Cooley Landing Community Workshop February 6
Original post made by Cooley Landing Project on Feb 5, 2010
The City of East Palo Alto invites all residents to a community open house workshop Saturday, February 6, 2010, to get community input on the developing plans. Please come by to see conceptual designs, learn about nearby environmental centers, ask questions, and share ideas. The open house will be at College Track (1877 Bay Road, between Pulgas and Demeter) 10 - 4 pm.
As part of the workshop, the City will also host tours of Cooley Landing at Noon and 2 pm. You can walk or drive from College Track. In case of rain, we will set up a small canopy. At 10:30 am, you can join a fun group activity to generate ideas for what visitors to Cooley Landing can learn and experience. The City will provide Spanish translation and refreshments.
In 2003, the City started a community process in which residents agreed they wanted to see Cooley Landing become a public park to enjoy scenic views and wildlife and learn about local history and nature. In 2005, the community agreed on concept plans that showed a simple and natural design. To implement this plan, in 2006, the City started technical studies, which are now nearly complete.
These studies of the soil and groundwater contamination, plants and animals, and other practical site conditions show that cleanup and protection of endangered species and numerous permits will be needed to open a park.
The City is now ready to refine the concept plans the community reviewed earlier. A design team will invite community input at the February 6 meeting and at several followup public meetings in spring and summer 2010.
By summer, 2010, a new Cooley Landing community-based Vision Plan will form the basis for applying for permits and funding for construction. If the project can secure permits and funding by fall, 2011, the City hopes to lay new clean dirt on much of the site to protect the public from contamination, plant new plants, construct trails, and open the park to the public in 2012. Opening a building on the site to the public may take longer.
The City's history of dreams began in 1849 at this spot. San Francisco banker Isaiah Wood planned and built a wharf at what is now Cooley Landing. Cooley Landing may be considered the birthplace of the City and was an important place of commerce in the 1800's.
From 1932 to 1958 it was a County dump, but from the 1960's to 1990's, Carl Schoof covered the dump with dirt and built and operated a boat repair business in a 4,000 square foot wooden building. He retired, and Cooley Landing has been closed to the public.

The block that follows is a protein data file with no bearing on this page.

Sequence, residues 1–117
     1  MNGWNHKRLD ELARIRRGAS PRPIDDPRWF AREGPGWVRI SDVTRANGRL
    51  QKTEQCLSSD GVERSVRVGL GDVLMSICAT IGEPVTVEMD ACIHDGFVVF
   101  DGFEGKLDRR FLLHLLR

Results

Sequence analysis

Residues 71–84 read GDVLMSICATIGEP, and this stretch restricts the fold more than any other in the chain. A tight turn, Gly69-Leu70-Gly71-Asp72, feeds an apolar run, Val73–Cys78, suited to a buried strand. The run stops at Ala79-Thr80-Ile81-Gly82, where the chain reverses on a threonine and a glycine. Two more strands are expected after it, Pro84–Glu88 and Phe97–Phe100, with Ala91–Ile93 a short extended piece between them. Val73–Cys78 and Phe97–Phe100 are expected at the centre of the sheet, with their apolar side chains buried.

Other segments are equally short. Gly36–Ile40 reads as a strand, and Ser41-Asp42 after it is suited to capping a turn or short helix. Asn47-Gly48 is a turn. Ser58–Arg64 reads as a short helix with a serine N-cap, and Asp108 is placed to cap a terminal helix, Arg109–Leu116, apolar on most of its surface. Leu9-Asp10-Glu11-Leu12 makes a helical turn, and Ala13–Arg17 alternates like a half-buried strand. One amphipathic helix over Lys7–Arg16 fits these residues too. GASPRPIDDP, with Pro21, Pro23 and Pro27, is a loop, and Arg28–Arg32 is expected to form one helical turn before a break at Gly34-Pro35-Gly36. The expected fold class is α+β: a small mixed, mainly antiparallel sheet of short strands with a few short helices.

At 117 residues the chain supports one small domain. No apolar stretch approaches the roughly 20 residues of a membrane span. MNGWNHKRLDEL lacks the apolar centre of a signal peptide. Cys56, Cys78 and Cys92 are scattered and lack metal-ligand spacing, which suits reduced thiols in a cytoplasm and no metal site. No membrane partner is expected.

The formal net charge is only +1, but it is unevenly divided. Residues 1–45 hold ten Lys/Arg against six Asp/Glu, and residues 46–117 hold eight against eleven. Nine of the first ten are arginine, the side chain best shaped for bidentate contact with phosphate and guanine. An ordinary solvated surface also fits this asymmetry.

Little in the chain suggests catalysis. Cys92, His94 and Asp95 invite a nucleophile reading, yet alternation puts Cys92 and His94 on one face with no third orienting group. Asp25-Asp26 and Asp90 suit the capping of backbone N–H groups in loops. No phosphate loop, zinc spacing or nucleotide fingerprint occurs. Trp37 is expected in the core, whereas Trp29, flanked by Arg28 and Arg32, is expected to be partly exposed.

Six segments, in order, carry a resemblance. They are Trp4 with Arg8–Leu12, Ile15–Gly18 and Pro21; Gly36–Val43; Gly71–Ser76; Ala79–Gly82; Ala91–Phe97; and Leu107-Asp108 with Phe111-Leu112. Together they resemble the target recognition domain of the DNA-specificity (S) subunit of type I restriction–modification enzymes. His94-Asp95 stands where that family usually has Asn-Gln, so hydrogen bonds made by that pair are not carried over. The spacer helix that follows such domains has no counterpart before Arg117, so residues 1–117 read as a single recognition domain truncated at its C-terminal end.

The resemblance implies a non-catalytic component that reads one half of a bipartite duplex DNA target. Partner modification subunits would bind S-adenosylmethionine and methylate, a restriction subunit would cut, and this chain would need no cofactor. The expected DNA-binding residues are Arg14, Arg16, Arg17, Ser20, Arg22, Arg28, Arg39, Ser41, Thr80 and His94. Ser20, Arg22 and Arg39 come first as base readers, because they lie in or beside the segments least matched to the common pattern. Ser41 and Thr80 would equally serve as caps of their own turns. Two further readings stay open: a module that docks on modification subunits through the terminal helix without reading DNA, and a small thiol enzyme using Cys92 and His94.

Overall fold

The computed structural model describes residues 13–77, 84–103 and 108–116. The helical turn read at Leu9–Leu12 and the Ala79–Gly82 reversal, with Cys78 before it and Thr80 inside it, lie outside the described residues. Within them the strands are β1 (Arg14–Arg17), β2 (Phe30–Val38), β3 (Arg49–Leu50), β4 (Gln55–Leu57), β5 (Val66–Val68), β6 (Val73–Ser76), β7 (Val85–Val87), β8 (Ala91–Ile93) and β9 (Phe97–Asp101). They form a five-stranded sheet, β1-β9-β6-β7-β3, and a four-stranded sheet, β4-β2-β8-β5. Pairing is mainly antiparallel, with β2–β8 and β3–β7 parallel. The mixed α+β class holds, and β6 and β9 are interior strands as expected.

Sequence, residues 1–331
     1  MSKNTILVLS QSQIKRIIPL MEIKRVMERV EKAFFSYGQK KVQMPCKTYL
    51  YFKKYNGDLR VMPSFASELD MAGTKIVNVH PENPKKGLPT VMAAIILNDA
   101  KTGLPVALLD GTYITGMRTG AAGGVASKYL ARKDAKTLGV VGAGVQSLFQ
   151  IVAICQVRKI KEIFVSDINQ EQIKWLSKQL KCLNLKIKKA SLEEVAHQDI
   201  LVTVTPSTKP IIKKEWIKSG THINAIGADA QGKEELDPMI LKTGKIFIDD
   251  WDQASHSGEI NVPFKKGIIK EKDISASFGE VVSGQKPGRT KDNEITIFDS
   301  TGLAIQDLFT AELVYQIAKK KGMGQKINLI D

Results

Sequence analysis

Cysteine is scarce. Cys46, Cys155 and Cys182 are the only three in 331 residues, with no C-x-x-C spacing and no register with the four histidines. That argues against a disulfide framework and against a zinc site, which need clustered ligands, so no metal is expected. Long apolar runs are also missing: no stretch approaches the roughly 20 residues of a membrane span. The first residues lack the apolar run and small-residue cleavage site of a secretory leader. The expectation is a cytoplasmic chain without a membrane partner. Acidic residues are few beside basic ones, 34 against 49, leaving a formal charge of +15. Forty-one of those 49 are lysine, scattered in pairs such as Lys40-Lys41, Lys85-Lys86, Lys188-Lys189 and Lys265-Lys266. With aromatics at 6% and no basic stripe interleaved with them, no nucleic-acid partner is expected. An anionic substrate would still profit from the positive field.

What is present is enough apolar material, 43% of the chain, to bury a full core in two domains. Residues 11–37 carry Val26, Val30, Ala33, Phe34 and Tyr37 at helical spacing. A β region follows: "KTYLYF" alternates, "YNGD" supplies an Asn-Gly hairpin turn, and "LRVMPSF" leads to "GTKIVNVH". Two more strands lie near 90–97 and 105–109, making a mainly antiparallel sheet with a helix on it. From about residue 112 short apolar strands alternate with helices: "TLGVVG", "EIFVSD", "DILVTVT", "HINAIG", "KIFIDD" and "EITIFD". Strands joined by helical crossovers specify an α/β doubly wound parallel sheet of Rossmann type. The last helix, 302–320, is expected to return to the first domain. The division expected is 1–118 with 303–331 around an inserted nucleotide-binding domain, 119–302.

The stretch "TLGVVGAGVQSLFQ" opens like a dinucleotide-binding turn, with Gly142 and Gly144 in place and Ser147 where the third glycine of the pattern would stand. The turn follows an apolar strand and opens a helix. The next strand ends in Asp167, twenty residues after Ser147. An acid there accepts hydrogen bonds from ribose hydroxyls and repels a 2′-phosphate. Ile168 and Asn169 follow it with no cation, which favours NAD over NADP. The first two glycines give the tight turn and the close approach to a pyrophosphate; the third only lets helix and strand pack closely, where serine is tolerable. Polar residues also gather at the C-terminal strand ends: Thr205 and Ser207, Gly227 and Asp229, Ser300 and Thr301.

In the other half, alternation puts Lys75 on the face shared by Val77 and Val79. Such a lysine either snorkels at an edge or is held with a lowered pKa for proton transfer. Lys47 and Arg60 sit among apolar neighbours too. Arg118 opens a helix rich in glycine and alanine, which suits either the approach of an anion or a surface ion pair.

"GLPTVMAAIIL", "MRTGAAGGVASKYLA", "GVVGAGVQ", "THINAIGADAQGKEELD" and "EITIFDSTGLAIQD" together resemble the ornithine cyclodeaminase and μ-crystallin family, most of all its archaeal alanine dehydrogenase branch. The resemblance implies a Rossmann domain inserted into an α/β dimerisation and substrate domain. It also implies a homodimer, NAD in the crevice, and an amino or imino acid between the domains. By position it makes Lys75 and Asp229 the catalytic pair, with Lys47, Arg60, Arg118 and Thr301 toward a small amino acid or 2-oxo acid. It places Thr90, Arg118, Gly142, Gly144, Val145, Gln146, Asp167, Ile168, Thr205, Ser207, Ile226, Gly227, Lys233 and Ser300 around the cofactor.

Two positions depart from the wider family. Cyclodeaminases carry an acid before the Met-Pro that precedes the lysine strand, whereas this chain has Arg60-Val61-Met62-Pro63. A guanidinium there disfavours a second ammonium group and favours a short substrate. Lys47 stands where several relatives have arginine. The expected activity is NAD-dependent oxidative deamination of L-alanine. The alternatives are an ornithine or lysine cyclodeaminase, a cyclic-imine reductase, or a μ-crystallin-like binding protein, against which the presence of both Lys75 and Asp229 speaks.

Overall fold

As part of the Pacific Flyway, this marsh area provides food, shelter, and habitat for a variety of fish and wildlife and a crucial winter refuge for migratory birds.
It connects the Palo Alto Baylands Nature Preserve and the Ravenswood Open Space Preserve, both critical habitats for the California Clapper Rail, a pheasant like bird with a population of only about 300 birds worldwide, and the Salt Marsh Harvest Mouse. Cooley Landing is a short walk from the San Francisco Bay Trail.
In 2003, City staff organized four Cooley Landing walking tours attended by over 100 local residents, community leaders, and property owner. Soon after, the City Council held a Cooley Landing Study Session, and forty residents and Council members sent a strong message that they want public access for low intensity recreation, education, and conservation while respecting the natural and historic integrity of the site.
The Packard Foundation funded concept drawings to show potential future approaches for developing Cooley Landing that all stakeholders supported. In 2005, the City presented these drawings at a series of community meetings, and residents strongly supported the simpler more natural looking plans.
Cooley Landing can be a place of rest for hikers, a picnic area for local residents, a place of staging for walks to admire nature and a regional amenity. The existing structures may be used if rehabilitated as an educational, historical or recreational facility for neighborhood children and local residents.
In March, 2006, the City Council accepted the center portion of Cooley Landing as a gift from the Peninsula Open Space Trust for this purpose. The Midpeninsula Regional Open Space District, a government agency, also owns part of the site and is working closely with the City as a partner to help implement the community's vision.
In San Mateo County, the City of East Palo Alto has the lowest ratio of municipal parks per capita for a city of equivalent density, with half an acre of parkland per 1000 residents verus the California state recommended standard of 3 acres of parkland per 1,000 residents. Cooley Landing would increase the City's parkland by more than 50%.
All the stars are aligned to realize the community's vision for Cooley Landing. Diverse local leaders and residents have expressed strong community consensus around a shared vision. Studies thus far shows this vision is technically feasible. Partners from local community groups, schools, funders, and government have already contributed to this project and have committed to further support. Restoration of Cooley Landing will provide residents with direct access to San Francisco Bay, create a link between two other nature preserves, and revitalize the adjacent industrial area.
For further information, contact Lily Lee, Cooley Landing Project Manager
City of East Palo Alto
2415 University Ave., 2nd Floor
East Palo Alto, CA 94301
Tel: 650-853-3166, Fax: 650-853-3115
This article was written for East Palo Alto Today and will appear in the print edition shortly --- Web Link
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